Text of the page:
Glides are similar for both languages, with one important remark about phoneme /r/, which is considered to be glide in English and flap in Arabic. /r/ can be also considered as a retroflex sound in English. Neither of these categories exists in the analyzed languages; however, in the spoken language, these phonemes are often replaced despite the huge difference in the manner of articulation.

Phonologist emphasize a specific feature of Arabic consonants which they call “emphatic” sounds / dˤ, tˤ, sˤ, ðˤ/ (ض, ط, ص, ظ). At the same time, these consonants may be articulated and heard as velarized or pharyngealized sounds/ dˤ, tˤ, sˤ, ðˤ/ or / dˠ, tˠ, sˠ, ðˠ/, / d̴, t̴, s̴, ð̴/. Such a kind of articulation manner is also called “Retracted Tongue Root” and can be reflected in writing as <D> or with the help of underlining or dots.

In both languages consonants are phonologically divided in short or long.

Clusters

In the English language, consonants may follow each other even up to more than seven letters in a row. Such a group of consonants without a vowel creates a consonant cluster, which is a frequent phenomenon in English and has place in the initial or final position in the word. The below examples provide the most common clusters for two, three, and more consonants:

  1. Two consonants at the beginning of words:
  • /s/ followed by /p, t, k, f, m, n, l, w, j/
  • /p/ followed by /r, w, j/
  • /k/ followed by /l, r, w, j/
  • /b/ followed by /l, r, j/
  • /d/ followed by /r, w, j/
  • /g/ followed by /l, r/
  • /f/ followed by /l, r, j/
  • /Ɵ/ followed by /r, w/
  • /ʃ/ followed by /r/ as in shrink
  • /v, m, n, h/ followed by /j/
  1. Three consonants at the beginning of words:
  • /spr/, /str/,/skr/, /stj/, /spl/, /skw/, /skj/ as in skew (this sequence is rare in English).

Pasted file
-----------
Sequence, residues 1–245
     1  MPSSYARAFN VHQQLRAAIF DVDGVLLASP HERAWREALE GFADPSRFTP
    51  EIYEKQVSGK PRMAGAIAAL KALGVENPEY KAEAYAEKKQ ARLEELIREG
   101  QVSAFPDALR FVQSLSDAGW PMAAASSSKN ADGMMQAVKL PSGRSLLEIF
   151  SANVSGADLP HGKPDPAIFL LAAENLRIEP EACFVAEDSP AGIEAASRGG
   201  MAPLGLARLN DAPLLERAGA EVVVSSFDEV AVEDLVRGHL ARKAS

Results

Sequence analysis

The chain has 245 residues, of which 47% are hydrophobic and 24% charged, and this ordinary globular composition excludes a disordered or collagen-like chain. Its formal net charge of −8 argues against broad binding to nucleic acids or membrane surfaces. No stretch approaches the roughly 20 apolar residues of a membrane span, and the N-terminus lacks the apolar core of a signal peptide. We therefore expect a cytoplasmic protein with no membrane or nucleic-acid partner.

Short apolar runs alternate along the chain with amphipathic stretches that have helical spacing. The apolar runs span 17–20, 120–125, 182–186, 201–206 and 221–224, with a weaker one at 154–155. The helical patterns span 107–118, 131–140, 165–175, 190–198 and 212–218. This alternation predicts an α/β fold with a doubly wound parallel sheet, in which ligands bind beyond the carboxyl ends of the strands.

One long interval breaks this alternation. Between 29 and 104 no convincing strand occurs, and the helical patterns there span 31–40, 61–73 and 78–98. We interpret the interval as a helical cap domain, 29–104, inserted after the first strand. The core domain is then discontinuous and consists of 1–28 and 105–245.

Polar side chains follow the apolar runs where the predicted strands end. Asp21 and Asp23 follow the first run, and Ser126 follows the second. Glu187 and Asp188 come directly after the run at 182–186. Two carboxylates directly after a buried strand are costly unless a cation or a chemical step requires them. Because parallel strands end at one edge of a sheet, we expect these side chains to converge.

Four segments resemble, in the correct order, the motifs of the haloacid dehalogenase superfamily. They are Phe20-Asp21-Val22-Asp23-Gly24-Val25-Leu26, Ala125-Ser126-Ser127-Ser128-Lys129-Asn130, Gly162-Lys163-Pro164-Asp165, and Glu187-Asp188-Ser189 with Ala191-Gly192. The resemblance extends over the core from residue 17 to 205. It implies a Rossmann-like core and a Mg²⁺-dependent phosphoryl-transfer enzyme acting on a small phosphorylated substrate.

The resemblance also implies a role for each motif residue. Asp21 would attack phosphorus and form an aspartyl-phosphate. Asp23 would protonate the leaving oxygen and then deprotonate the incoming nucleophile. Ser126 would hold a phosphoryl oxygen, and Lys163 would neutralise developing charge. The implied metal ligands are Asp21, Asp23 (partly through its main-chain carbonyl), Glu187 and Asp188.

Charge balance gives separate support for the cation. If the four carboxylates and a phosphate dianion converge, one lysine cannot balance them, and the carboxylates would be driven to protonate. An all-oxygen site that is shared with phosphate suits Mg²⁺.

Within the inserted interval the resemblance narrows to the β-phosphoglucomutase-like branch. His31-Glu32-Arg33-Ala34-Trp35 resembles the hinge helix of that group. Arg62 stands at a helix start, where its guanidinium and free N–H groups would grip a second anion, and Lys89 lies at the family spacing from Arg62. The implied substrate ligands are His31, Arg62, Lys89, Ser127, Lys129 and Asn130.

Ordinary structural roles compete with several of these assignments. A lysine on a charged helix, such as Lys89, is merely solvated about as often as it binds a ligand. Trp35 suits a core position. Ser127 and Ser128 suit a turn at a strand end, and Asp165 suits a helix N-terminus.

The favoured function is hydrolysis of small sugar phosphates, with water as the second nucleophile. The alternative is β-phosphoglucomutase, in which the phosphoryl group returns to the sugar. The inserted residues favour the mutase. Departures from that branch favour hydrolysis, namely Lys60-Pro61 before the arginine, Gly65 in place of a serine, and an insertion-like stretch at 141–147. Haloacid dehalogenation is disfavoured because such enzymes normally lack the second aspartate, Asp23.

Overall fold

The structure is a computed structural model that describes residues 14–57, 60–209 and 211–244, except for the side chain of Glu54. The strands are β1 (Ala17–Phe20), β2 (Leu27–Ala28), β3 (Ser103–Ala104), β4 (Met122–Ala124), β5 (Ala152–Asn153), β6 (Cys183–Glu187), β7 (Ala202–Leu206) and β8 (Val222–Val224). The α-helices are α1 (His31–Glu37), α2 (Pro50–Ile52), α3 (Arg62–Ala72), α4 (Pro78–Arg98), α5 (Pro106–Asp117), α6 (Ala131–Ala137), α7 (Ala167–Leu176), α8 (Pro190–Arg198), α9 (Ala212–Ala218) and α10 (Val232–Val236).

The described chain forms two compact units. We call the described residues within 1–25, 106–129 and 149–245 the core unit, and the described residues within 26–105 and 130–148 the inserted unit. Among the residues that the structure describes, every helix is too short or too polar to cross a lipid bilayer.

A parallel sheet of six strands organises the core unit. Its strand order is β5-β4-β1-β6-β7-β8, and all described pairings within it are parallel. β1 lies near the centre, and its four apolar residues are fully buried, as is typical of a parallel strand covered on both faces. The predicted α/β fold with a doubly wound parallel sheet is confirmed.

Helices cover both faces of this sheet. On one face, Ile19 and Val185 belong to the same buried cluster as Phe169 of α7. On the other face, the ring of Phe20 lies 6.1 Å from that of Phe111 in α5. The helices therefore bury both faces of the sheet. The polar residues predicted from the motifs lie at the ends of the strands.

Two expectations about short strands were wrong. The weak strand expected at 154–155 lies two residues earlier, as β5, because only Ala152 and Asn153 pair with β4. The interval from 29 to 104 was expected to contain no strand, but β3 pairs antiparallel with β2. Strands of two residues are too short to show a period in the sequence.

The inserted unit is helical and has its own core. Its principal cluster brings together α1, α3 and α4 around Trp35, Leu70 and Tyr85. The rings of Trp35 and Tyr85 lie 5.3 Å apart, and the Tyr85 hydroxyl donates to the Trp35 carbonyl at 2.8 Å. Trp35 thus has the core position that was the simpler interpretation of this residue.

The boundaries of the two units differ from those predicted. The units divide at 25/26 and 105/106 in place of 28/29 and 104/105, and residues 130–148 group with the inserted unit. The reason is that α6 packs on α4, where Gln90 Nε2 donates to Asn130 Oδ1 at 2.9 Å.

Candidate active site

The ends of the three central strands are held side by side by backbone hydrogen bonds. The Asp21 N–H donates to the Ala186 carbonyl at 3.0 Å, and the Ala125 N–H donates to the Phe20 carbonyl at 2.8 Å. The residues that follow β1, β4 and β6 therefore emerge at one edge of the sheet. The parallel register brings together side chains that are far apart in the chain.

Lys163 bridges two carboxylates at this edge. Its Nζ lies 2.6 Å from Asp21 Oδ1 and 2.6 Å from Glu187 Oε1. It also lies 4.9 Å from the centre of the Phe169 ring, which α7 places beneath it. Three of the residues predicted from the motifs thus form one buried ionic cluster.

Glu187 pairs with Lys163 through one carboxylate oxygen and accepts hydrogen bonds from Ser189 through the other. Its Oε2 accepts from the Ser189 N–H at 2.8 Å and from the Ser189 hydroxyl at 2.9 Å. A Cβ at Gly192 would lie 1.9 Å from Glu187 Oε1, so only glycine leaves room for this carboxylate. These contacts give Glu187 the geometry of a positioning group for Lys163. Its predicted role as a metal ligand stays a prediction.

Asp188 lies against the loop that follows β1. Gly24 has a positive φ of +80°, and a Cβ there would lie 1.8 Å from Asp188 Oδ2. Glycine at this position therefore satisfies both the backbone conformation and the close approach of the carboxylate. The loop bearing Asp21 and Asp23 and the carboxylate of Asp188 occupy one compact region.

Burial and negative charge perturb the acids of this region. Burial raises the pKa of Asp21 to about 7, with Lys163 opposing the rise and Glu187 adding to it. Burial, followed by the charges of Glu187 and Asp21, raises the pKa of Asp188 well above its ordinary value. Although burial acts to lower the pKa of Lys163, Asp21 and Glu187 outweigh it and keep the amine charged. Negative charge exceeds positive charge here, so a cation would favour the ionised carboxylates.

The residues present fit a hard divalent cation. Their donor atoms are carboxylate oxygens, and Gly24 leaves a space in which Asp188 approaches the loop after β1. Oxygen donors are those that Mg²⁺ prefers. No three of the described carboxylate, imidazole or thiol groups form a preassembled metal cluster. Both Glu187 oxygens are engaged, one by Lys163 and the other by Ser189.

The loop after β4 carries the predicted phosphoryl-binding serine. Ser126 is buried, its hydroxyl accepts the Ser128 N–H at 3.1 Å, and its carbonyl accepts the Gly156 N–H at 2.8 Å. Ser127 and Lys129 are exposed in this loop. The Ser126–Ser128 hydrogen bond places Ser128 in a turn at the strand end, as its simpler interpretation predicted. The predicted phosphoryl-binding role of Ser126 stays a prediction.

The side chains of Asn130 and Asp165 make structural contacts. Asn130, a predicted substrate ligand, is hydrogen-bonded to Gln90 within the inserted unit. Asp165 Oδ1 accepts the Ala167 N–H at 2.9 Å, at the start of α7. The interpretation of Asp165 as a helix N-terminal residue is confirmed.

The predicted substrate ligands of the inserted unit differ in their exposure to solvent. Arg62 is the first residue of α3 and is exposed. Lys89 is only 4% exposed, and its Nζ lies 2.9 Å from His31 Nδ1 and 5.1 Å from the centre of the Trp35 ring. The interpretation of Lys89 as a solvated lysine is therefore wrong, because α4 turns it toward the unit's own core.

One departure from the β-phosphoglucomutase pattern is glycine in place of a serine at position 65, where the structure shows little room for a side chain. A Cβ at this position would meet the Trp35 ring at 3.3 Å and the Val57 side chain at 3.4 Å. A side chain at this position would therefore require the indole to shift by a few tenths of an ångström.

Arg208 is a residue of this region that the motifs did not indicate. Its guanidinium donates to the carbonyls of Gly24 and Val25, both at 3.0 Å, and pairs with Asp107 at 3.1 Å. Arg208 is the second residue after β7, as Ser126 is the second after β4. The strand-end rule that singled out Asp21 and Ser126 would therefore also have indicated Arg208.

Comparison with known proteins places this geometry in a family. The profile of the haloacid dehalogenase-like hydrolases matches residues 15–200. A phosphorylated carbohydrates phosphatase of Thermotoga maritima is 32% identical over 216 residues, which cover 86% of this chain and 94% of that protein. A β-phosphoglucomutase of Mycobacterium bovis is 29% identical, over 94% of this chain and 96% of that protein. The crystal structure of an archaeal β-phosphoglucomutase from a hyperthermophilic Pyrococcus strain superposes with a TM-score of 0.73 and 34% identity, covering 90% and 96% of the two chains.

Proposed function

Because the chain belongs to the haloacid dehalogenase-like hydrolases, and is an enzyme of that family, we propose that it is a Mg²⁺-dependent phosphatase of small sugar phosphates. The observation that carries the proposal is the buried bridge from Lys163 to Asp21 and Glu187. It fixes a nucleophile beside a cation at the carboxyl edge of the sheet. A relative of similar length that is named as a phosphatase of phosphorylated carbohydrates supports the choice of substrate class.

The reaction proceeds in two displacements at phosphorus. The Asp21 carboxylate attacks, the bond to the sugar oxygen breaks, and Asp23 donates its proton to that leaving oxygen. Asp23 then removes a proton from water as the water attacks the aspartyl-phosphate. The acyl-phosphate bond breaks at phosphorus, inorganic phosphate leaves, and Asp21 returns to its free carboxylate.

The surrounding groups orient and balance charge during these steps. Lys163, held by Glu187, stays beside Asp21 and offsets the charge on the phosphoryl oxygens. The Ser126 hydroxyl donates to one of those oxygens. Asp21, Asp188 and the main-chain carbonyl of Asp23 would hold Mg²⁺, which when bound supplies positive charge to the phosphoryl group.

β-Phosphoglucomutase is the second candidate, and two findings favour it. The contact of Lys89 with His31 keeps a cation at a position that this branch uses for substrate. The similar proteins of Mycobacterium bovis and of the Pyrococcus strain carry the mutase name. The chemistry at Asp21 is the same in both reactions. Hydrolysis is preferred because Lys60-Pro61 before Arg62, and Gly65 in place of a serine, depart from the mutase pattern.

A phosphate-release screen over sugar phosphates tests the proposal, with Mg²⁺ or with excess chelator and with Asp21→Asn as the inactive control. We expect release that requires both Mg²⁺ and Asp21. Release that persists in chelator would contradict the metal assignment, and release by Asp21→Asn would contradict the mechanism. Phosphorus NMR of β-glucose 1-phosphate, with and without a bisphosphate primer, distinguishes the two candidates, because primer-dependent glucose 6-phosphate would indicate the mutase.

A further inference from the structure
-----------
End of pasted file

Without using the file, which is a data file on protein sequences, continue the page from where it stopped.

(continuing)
1. Two or more consonants at the end of the word:
  • /s/ and /z/ at the end of plural nouns or present tense verbs : books, eats
  • /t/ and /d/ at the end of verbs in the past tense: wished
  • /Ɵ/ itself or followed by /s/ in plurals: strength, seventh, breadths
  1. Word boundaries can become a cluster of three, five, or even seven consonants: Best man, long skirt, first stream, tempts strangers
  2. /n/ and /l/ in a syllabic position also create a consonant cluster, like in the word lesson /lesn/ (Amer, 2010).

Arabic consonants clusters differ greatly from the English system. They do not have more that two consonants involved and are never used in the initial position but occur in a middle position. Therefore, all above combinations of English clusters can be troublesome for Arabic learners as due to not similar cluster foundation, they tend to insert vowels between combinations of more than two consonants, provoking misleading and misinterpretation of the vocabulary units. Another confusing phenomenon existing in both languages but used differently is doubling of consonants. In Arabic, it requires great muscular tension, so the doubled consonants in writing will be pronounced with more power. For example, /?adʒl/ (“certainly”) and doubled /?adʒdʒala/ (“postponed”) has a different amount of /dʒ/ and in the second case has significant power in pronunciation. While the English language has gemination, or doubling consonants, in writing that is not rendered to phonemical level. Taking into consideration that Arabic is identical in pronunciation and writing unlike English, Arabic learners of English often may turn the orthography gemination into the phonetical, which is incorrect ( Amer, 2010) .

Sounds that exist only in Arabic

 

          ك           ق               k-like

         ص          س              s-like

ـه       خ             ح              h-like

         ت             ط               t-like

         د              ض             d-like

         ظ               ذ              h-like